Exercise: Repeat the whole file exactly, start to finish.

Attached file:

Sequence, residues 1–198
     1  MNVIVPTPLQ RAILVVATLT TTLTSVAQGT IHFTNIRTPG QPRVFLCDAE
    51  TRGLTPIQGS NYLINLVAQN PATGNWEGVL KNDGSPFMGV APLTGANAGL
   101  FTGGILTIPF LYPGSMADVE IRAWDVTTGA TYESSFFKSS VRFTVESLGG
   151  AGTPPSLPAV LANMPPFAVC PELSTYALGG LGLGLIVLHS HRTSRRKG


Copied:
Sequence, residues 1–198
     1  MNVIVPTPLQ RAILVVATLT TTLTSVAQGT IHFTNIRTPG QPRVFLCDAE
    51  TRGLTPIQGS NYLINLVAQN PATGNWEGVL KNDGSPFMGV APLTGANAGL
   101  FTGGILTIPF LYPGSMADVE IRAWDVTTGA TYESSFFKSS VRFTVESLGG
   151  AGTPPSLPAV LANMPPFAVC PELSTYALGG LGLGLIVLHS HRTSRRKG